A Little Disagreement With Deirdre

Deirdre Nansen McCloskey was one of our favorite people even before she became who she is now.  MWG was a grad student with a few toes in economics but more in accounting and The Rhetoric Of Economics really helped us understand the differences between the two disciplines.  Her insight into the significance of what she calls The Great Enrichment (Jonah Goldberg calls “The Miracle,”  we like Deirdre’s name) are priceless.  Deirdre is at work on NRO debunking the myth that Sweden is a socialist country.  Ian Burell is over at The Herd talking about the economics of soccer in How Football Raised Its Game.  It is a bit confusing because he calls soccer football and he is specific that he is discussing English soccer.

Sidebar: The English part of English soccer is not exactly right either.  England, Scotland, Wales, and Northern Ireland all have their own separate national teams but England and Wales are join together in professional soccer so Welch teams can play in the Premiership league.  Cardiff City did this year but was relegated.  End Sidebar

Deirdre takes those to task who use Sweden as an example of socialism starting right with her NRO title, Sweden Is Capitalist.  You must read it all but here is a taste of it:

If “socialism” means government ownership of the means of production, which is the classic definition, Sweden never qualified. When little Sweden’s economists were second in academic standing only to big Britain’s, in the early 20th century, they were “liberal” in the European sense: free-traders opposed to central planning and governmental ownership. None of Sweden’s manufacturing or extractive industries has ever been socialized, this in contrast, for example, to the experiment after 1946 in the world’s first innovative economy [that’s Britain], when the Labour party’s Clause IV nationalized the Bank of England, coal, inland transport, gas, steel, health services, and much else. Sweden never followed even the more modest example of America’s temporary nationalization of railways during the First World War. Sweden’s Systembolaget, the state liquor store, was sold off in 2008, as it has not yet been in all the U.S. Apoteket, the maddeningly inefficient Swedish-government drug-store monopoly, was privatized, too, praise the Lord.

We know Deirdre is right but we have a soft spot in our heart for the state liquor stores in New Hampshire.  Well, one in particular.  New Hampshire has made a few miles of I-89 a toll road so there is the New Hampshire State Liquor Store and Safety Rest Stop right on the highway.  It is a great way to speed you on your vacation.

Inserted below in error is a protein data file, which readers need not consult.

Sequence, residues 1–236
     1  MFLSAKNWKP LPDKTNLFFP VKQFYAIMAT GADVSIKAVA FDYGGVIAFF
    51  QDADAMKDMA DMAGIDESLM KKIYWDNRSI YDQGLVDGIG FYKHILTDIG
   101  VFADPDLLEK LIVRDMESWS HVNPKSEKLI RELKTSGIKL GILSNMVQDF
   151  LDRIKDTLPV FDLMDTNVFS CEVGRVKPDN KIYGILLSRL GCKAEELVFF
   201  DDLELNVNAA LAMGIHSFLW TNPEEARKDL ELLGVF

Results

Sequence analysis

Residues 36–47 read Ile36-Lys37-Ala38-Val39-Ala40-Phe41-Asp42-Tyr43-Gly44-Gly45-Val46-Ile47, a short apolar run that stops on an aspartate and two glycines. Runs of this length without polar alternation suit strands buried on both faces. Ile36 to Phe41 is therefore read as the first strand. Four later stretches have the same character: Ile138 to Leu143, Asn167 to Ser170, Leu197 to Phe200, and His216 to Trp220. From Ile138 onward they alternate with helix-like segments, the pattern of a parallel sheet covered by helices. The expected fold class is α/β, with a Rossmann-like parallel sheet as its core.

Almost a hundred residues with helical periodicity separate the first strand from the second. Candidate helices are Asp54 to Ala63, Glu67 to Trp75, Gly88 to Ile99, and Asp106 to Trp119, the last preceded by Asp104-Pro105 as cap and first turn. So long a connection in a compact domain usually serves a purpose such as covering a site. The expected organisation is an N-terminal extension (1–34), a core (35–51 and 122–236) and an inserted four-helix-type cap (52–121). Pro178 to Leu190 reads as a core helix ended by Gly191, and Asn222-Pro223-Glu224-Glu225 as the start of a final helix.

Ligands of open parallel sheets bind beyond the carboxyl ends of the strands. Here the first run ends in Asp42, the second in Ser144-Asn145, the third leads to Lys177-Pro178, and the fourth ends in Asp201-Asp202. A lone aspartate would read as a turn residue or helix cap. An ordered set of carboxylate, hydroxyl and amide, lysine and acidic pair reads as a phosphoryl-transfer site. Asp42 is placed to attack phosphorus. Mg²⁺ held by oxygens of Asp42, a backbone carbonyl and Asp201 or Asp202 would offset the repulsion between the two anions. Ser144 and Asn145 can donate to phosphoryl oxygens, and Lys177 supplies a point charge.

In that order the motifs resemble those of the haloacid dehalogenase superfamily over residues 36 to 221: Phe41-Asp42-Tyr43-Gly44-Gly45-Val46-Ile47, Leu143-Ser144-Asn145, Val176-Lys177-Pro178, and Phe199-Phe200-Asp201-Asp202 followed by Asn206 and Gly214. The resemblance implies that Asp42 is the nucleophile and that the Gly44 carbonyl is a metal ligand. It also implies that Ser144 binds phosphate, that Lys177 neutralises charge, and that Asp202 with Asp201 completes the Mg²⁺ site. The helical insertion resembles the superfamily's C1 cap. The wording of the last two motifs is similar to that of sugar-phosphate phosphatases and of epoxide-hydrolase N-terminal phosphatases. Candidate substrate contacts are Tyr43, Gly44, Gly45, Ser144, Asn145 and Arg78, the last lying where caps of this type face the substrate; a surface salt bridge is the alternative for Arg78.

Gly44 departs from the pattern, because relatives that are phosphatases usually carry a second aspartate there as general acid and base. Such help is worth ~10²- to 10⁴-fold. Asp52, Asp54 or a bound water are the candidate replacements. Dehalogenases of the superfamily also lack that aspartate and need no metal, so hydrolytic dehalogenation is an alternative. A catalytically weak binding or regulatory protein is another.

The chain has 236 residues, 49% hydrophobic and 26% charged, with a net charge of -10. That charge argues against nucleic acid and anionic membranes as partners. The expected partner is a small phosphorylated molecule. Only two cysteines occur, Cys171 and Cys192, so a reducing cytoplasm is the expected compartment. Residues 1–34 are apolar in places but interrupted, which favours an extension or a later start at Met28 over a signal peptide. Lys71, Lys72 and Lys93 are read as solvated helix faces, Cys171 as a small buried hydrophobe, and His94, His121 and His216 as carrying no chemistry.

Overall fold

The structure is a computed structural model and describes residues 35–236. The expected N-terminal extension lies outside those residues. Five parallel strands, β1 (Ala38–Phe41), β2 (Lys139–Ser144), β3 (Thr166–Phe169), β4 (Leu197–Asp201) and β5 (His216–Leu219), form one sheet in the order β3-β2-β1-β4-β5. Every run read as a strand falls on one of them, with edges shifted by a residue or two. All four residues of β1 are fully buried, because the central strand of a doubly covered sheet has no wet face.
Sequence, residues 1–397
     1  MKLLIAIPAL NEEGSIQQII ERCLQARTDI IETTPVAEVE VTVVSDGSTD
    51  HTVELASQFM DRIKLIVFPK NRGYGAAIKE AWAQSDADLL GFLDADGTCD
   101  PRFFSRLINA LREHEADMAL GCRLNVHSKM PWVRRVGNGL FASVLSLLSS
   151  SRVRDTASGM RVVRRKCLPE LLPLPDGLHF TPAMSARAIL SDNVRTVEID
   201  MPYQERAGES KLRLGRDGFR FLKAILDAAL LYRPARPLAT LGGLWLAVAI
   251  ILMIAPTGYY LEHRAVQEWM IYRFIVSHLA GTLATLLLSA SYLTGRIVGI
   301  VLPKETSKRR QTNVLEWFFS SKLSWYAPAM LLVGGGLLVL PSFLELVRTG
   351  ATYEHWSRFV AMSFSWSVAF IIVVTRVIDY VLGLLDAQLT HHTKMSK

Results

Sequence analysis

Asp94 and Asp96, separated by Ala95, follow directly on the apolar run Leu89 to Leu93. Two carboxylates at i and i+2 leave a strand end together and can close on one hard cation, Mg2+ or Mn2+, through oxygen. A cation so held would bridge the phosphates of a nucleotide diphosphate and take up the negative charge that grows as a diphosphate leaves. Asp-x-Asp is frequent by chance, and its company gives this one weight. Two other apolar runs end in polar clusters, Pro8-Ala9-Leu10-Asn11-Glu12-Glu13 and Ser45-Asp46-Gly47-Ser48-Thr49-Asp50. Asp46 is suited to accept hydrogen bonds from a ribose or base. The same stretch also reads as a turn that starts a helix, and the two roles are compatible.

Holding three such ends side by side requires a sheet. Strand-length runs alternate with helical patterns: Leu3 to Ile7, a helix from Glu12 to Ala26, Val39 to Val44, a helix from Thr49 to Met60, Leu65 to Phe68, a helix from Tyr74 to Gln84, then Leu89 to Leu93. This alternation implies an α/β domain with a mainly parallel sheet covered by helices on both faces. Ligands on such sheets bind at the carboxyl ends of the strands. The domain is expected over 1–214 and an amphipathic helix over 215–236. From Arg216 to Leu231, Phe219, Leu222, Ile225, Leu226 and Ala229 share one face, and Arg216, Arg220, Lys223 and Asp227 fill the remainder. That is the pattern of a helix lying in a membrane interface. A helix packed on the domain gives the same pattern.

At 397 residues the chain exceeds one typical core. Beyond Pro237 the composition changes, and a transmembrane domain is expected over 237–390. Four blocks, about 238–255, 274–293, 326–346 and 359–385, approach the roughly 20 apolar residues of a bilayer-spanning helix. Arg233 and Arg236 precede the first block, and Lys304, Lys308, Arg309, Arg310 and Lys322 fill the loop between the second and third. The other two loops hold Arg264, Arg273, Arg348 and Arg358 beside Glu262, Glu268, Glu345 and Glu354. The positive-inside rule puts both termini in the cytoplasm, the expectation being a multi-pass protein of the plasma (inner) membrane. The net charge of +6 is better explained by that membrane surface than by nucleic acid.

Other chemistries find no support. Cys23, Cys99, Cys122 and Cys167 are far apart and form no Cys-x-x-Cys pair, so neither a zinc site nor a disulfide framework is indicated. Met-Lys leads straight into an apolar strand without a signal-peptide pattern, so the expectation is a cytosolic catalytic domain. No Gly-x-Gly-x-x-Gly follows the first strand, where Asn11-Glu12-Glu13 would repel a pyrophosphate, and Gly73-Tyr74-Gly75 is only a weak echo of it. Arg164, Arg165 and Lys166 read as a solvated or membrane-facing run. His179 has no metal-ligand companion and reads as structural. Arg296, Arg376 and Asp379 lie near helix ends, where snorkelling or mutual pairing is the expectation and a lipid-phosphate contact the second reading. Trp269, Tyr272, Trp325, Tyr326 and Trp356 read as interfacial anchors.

Our disagreement with Deirdre comes from the last two words of this:

Like the Land of 10,000 Lakes [that’s Minnesota], Sweden is a place of private ownership and thrusting [that’s what it says] inventors, Swedish bachelor farmers and pretty generous social provision, pretty good schools (with vouchers) and terrible weather. [Emphasis added]

We would agree that Minnesota can get a little hot in the summer but Sweden sounds like a lovely place.  The southern part is close to perfect for us:

In Götaland, where you’ll find the cities Gothenburg and Malmö, winters are shorter and milder, while daytime summer temperatures normally range from 15 to 25 degrees Celsius.

Malmo is almost 56 degrees north (a little south of Juneau, Alaska) so the sun isn’t too intense.  It is as close to perfect as weather gets for us.

Ian is trying to generalize from soccer to all labor markets

Clearly there are costs to progress. Yet ultimately we should give thanks to the power of globalisation in transforming our national game, which has been revived by the free movement of labour and capital – and bear in mind the wider lessons for other parts of the economy as we cheer on these teams.

Another comparison of European countries and the US is that the teams in European soccer leagues have much more economic freedom than American teams.  European teams do not have restrictions like salary caps so the rich teams almost always win.  They also play in multiple competitions.  There are exceptions as Ajax almost broke through in the Champion’s League this year and Leicester City won the Premiership in 2015-16 but such events are rare.  More common is that Bayern Munich has won the Bundesliga the last six years and is poised to make it seven next week.  The poor teams are often fighting relegation.  Relegation means that the better teams from the lower leagues are promoted consistent with economic freedom.

Top soccer players and coaches, as Ian explains, are extraordinarily talented.  The players are also extraordinarily expensive costing teams (called transfer fees) as much as €222 million to buy their contract.  Ian’s argument supports restricted immigration for talented individuals rather than open borders.  That’s the wider lesson.

We have four lessons about Sweden and soccer.  First, capitalism makes countries and the individuals in them rich.  The same capitalism makes soccer great and soccer players rich.  Second, Sweden is both rich and capitalistic.  Both Deirdre and Heritage agree that Sweden and the US have about the same degree of economic freedom.  They both agree that there are differences but some are in one direction and some in the other.  Thirdly, the impact of importing extraordinarily talented soccer players might tell us to bring in similar folks in other lines of work but it does not suggest that we have open borders.   Lastly, weather preferences are personal.  The weather preferences for Deirdre and MWG don’t seem to match.

 

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